August 1, 2005 @ 11:53 am | Comment

I heart Bolton

Speaking of the death penalty, the adorable Islamic Republic of Iran administered it to two men for being homosexuals.

The moral character of the US should occasionally be considered by the enemies they keep..

August 1, 2005 @ 12:04 pm | Comment

as for the discussion about the UN security council, my belief is that it’s important some countries have a veto — otherwise the UN would fall apart.
it would otherwise fall apart because if, say, a 66% majority was required to put a resolution through, people would be constantly pissing each other off: some countries would be on the losing side of votes most of the time and walk out of the UN as a result.
so some countries must have a veto. but if too many countries have a veto then the impact and import of a veto is diluted, everybody starts bandying them around or threatening to use them just for revenge.
so you limit the veto to, say, 5 countries.
now yes it’s tough if, because of the way things are, you’re one of the majority of countries that doesn’t have a veto.
but life isn’t fair and instead you must rely on what every diplomatic effort in the world relies upon which is cultivating friends and alliances.
so if enough small countries want something blocked they can lobby a UNSC permanent member to threaten a veto. a large non-UNSC country can lobby an ally or friend independently.
and so you have a system which lurches and jolts and judders along, admittedly, but which most countries belong to and in practise — if not in principle — accept.

August 1, 2005 @ 12:08 pm | Comment

And you know something, Johnny? What we just saw in Iran will soon become business as usual in its twin sister Iraq. We will give them the tools to choose their own government, and they will almost certainly choose a theocracy that is hostile to women, eliminationist toward Israel and Jews and gays, anti-USA and downright dangerous. That to me is the ultimate folly of our dirty little war. Even the “victory” (i.e., freedom and democracy) will end up hurting us. It’s a pure lose-lose situation, and we should have known it before we got stuck.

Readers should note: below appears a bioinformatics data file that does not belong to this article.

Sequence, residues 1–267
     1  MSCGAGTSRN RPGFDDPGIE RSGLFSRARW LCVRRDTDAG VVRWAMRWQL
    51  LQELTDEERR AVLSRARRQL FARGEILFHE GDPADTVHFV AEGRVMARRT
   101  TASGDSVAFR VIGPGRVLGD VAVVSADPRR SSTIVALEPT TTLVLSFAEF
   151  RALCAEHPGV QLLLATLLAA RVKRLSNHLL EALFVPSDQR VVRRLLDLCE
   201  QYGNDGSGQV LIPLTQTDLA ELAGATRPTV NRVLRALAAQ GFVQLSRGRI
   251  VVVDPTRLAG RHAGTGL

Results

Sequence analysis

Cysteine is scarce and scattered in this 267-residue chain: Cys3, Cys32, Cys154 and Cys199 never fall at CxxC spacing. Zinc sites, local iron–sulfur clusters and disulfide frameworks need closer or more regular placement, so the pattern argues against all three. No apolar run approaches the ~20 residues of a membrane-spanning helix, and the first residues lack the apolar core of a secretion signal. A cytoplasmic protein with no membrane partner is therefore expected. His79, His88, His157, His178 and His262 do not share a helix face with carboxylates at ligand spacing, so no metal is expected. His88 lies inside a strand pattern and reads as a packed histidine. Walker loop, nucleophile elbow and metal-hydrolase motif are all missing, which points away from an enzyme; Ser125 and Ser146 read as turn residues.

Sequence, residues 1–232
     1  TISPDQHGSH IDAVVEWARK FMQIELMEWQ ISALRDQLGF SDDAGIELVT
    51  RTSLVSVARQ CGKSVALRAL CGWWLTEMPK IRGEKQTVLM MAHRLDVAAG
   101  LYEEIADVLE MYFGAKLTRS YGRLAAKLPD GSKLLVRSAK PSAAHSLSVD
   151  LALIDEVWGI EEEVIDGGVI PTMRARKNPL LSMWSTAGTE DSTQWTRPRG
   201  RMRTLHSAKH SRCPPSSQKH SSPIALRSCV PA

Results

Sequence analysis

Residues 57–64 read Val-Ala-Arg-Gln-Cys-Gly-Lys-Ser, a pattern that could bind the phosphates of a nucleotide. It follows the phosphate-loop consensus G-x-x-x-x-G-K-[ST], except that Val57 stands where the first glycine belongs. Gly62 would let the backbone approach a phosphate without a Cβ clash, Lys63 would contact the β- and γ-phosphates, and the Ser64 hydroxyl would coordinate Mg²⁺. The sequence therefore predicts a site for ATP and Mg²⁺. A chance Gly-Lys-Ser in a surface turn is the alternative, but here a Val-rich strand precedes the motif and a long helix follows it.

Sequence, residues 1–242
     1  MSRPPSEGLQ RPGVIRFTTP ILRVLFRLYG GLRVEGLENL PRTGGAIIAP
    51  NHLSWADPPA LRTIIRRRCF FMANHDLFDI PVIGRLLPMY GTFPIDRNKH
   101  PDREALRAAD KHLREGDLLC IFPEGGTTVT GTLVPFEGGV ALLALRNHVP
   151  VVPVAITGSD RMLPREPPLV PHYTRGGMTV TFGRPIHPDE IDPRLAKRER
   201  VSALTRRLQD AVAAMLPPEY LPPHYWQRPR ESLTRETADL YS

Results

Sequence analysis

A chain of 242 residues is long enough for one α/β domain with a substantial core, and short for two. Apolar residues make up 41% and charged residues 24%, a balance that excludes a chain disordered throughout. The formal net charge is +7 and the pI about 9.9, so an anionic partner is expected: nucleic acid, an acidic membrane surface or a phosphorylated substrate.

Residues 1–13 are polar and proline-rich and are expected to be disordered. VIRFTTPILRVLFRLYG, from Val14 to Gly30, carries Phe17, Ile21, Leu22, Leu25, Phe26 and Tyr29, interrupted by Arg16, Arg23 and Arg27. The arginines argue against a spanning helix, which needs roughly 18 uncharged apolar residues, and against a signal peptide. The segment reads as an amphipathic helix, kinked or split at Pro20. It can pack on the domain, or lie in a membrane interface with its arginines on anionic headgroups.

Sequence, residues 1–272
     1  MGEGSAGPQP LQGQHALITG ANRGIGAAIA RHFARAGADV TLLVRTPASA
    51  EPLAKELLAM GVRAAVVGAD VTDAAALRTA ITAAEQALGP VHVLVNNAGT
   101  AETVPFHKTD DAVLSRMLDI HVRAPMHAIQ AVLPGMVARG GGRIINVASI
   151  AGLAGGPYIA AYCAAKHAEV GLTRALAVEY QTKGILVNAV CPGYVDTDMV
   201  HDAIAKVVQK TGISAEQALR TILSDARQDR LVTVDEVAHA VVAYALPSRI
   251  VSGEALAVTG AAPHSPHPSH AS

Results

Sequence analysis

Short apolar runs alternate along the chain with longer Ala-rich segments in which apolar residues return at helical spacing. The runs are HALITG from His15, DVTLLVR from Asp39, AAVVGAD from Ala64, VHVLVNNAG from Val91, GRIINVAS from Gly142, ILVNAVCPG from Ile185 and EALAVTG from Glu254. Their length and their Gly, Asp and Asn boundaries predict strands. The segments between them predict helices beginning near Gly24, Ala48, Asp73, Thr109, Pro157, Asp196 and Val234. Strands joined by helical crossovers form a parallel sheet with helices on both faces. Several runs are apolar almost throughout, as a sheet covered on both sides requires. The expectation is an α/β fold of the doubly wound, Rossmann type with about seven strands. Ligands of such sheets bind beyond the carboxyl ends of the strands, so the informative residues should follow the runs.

August 1, 2005 @ 12:13 pm | Comment

and reasons why the current 5 are good:

the US: big country; most powerful; got nukes; very large sphere of influence and intent to use that influence.

Russia: big country; got nukes; large sphere of influence and desire to use that influence.

China: big country; got nukes; growing sphere of influence and willingness to take the lead in its region.

France: big ego; got nukes; reasonable sphere of influence in Europe and Africa; it’s always good to have a contrarian on board.

Britain: *Great* Britain; got a few nukes; all-round good eggs who can be relied upon to beat the French and help the Americans understand what it takes to run the world.

August 1, 2005 @ 12:20 pm | Comment

doubtless this thread is shortly closing and my considered opinions shall shortly be consigned to the big Peking Duck in the sky, so let me roar out in partriotic fervour:

WHEN Britain first at Heaven’s command
Arose from out the azure main,
This was the charter of her land,
And guardian angels sung the strain:

August 1, 2005 @ 12:25 pm | Comment

Thread won’t close until this afternoon, at least another couple of hours…but it’s definitely on its last leg.

August 1, 2005 @ 12:30 pm | Comment

Part of an Alleged Prose in North Korean Primary School Textbook: